Back to Top Skip to main content Skip to sub-navigation

Military medicine confronts an invisible enemy

Image of Medical personnel set up in an outside military tent. Military and civilian healthcare personnel run the drive-thru testing center at Blanchfield Army Community Hospital, Fort Campbell, Kentucky, as patients come to the site for scheduled evaluations and nasal swabbing. (U.S. Army courtesy photo.)

Recommended Content:

Combat Support | Warrior Care | Public Health | Coronavirus | Coronavirus

In recent decades, combat on the front lines for the American military has meant overseas deployments, missions with sophisticated weaponry, and deaths — mostly in lands a world away.

In 2020, a new enemy emerged, one hiding in the air we breathe. Just as deadly, it knows no borders, is silent, invisible.

This new battlefield includes intensive care units, labs, makeshift testing centers, and warehouses for masks, syringes, and thermometers. In this match, there is no specific theater of operations for the Military Health System.

“COVID-19 has been just this ever-evolving enemy that we’re fighting, and that’s a fight where we’ve shown great resilience,” said Raven Connell, a nurse with Blanchfield Army Community Hospital at Ft. Campbell, Kentucky. “We continue to adapt and overcome all these obstacles that we’ve faced. We’ve had to completely revamp the way that we see and care for patients, and that’s no small feat in medicine.”

Navy Lt. Cmdr. Clifton Wilcox, public health emergency officer for Navy Region Southeast and Naval Hospital Jacksonville in Florida agrees. In April, as COVID increasingly affected his part of the world, Wilcox was working seven days a week and juggling three phones.

Then he was asked to join a small team of specialists to fly aboard the USS Kidd, a destroyer working off the coast of El Salvador with a third of its crew infected with the deadly virus. This was in the immediate wake of the highly publicized outbreak aboard the aircraft carrier USS Theodore Roosevelt.

“The virus caused the Kidd to return to port,” said Wilcox, who flew aboard the floating hot spot within a day of being notified. “So, it had effects not just on hospitals back in [the continental United States], but it affected our ability to remain operationally deployed. We had to race back to San Diego before things got out of control.”

The collective response to the pandemic underscored the MHS reputation for innovation, with practical applications beyond military medicine.

Image of Ms. Connell in hospital dress, wearing a mask
Army civilian Raven Connell is a registered nurse who was a member of the initial team that established Blanchfield Army Community Hospital’s COVID-19 Clinic earlier this year. (U.S. Army photo by Maria Yager)

Being nimble in the face of calamity “continues a long history of military medicine,” said Army Sgt. Major Esteban Alvarado, a senior enlisted leader at the Defense Health Agency. “The next year will continue to present challenges, and things will be a little different than we are used to. I have no doubt that the MHS team will continue to innovate, adapt and overcome in order to meet the mission.”

Wilcox barely had enough time to quarantine from the Kidd before being selected for special deployment to the USS Ronald Reagan, an aircraft carrier in the Pacific that was looking to avoid the kind of trouble the Roosevelt experienced. His team included an internist, a critical care nurse, a respiratory therapist, an environmental health officer, and a microbiologist.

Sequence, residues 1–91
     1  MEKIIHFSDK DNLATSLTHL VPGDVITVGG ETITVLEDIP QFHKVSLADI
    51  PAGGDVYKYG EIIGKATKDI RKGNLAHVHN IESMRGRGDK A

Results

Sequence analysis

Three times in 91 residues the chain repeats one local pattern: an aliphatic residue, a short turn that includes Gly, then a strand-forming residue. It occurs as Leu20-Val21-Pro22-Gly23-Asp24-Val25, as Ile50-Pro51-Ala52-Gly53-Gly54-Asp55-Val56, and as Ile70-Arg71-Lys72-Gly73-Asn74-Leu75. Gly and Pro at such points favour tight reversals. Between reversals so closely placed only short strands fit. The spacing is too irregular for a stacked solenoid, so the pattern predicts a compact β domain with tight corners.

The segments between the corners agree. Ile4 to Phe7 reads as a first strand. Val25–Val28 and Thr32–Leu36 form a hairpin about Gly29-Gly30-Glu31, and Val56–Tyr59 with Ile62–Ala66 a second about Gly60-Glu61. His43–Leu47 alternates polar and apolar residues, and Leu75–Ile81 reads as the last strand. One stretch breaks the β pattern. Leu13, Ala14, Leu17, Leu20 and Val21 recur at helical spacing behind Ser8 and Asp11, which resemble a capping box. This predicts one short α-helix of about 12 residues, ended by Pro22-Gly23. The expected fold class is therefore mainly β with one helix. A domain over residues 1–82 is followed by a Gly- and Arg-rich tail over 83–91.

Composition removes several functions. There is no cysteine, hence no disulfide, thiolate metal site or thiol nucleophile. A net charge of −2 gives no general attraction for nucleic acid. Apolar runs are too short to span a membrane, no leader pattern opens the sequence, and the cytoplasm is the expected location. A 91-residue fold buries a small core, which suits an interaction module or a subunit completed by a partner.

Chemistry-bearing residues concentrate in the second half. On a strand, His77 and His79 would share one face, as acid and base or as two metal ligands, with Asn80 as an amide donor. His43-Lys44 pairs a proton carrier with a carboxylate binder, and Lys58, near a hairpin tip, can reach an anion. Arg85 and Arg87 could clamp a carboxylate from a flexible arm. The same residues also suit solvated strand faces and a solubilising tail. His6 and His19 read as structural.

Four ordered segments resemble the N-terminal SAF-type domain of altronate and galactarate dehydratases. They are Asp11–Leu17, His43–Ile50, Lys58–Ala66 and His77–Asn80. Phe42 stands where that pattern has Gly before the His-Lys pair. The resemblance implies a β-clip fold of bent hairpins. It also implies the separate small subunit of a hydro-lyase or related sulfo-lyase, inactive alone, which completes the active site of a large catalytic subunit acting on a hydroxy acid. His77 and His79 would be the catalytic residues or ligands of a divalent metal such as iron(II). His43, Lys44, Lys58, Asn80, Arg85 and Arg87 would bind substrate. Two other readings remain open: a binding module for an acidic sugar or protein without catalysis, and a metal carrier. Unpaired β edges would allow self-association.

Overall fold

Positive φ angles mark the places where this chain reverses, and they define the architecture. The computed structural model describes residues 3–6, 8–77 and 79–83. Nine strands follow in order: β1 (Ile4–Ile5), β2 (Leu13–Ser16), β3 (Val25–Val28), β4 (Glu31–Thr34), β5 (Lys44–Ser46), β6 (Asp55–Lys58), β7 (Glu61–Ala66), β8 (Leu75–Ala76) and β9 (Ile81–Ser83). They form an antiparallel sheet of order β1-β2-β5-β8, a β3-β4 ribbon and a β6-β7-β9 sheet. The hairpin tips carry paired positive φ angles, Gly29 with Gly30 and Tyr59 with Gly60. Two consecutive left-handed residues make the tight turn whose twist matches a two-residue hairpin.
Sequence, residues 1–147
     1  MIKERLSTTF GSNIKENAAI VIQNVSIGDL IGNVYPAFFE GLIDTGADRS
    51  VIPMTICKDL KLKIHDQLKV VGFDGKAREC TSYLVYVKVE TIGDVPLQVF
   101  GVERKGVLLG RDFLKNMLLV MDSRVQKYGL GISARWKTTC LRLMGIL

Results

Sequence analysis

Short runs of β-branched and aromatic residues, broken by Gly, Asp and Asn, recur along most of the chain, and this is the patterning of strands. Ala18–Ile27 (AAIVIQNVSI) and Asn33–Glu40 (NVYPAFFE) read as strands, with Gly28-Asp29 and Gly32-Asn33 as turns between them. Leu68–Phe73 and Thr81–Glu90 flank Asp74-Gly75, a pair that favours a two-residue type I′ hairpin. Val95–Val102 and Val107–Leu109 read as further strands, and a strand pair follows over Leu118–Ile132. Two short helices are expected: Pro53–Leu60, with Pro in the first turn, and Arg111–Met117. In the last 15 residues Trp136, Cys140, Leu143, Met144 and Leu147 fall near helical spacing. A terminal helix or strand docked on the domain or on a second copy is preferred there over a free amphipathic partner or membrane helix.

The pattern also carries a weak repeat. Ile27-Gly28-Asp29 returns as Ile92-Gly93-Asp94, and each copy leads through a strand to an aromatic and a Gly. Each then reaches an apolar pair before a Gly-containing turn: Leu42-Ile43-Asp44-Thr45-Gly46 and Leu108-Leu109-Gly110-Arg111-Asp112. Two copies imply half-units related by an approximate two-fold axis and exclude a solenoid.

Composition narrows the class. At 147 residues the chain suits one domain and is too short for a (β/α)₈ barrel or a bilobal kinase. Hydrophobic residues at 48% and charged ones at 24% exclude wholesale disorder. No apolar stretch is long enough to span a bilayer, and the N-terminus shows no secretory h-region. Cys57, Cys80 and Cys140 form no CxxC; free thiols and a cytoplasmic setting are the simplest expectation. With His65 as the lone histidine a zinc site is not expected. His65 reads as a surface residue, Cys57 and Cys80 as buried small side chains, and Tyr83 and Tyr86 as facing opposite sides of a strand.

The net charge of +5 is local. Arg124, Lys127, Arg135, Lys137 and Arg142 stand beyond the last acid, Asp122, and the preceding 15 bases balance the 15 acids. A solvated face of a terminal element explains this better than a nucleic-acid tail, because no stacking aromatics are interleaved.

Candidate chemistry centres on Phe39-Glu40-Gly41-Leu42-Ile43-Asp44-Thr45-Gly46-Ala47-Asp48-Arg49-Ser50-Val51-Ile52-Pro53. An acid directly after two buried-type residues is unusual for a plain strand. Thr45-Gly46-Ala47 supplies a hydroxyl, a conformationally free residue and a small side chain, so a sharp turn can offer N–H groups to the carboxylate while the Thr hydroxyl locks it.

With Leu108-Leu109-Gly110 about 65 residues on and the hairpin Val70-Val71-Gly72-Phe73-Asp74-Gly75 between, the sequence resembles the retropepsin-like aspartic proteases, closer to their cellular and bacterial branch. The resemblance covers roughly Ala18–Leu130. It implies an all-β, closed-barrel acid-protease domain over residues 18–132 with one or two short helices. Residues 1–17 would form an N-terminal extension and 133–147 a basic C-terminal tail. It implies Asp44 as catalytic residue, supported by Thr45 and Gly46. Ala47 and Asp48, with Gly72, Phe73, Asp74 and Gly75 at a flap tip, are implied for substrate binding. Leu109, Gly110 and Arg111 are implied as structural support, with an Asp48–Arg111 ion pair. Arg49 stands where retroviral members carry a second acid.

“Once the virus was onboard, we had to innovate in a way to re-establish the bubble on a ship without just going into port like the Teddy Roosevelt did,” he said. “We found a way to test the entire crew, twice.”

Wilcox and his teammates worked for 20 days at sea to bring the USS Ronald Reagan around.

“It was very challenging,” he said.

Re-invention of daily care at Ft. Campbell meant creating an outdoor and drive-through COVID clinic, with testing and triage, one that will be operating for the foreseeable future. But the usual MHS priority of military readiness did not take a back seat.

“When COVID hit, we’ve got two primary missions,” recalled Connell, who previously served as an active duty Army nurse. “Once we started getting that solid foundation for testing, evaluating, and treating patients with COVID, we had to formulate a plan to be able to still get active duty [troops] back in training. It was a large collaborative effort for Ft. Campbell to find out how we were going to get those missions to function simultaneously.”

This battle in 2020 was also unique in the way in which America’s men and women in uniform — active duty, Reserve and National Guard — worked in tandem with civilian colleagues in fighting a common enemy. The uniform was often simply a gown and tended to be powder blue or white. In lieu of helmets, COVID-19 fighters donned goggles, medical gloves, surgical masks, and N95 respirators.

For MHS professionals at all levels, working from home has rarely been an option. And while the recent news of vaccines that have proven effective in trials has been welcome, it won’t affect the short-term daily mission. “Business as usual” is a moving target.

“I have never been prouder to be a MHS professional in a collectively dynamic and inspiring team,” said Air Force Tech. Sgt. Christina Pyeatt, an independent duty medic with the 90th Ground Combat Training Squadron at Camp Guernsey, Wyoming.

“Our Reserve and National Guard brethren have deployed to assist us with our operations as well as to other hard-hit states across the country.”

A collective effort sounds right to Raven Connell.